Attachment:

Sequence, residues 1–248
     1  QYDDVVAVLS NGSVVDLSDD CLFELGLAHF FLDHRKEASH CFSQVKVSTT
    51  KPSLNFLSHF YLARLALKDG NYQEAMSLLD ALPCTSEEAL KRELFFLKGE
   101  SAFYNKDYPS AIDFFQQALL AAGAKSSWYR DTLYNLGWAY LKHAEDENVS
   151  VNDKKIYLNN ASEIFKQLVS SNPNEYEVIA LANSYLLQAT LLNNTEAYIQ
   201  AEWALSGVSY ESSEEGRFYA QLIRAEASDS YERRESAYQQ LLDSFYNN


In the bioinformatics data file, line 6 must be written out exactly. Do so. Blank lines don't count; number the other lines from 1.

   201  AEWALSGVSY ESSEEGRFYA QLIRAEASDS YERRESAYQQ LLDSFYNN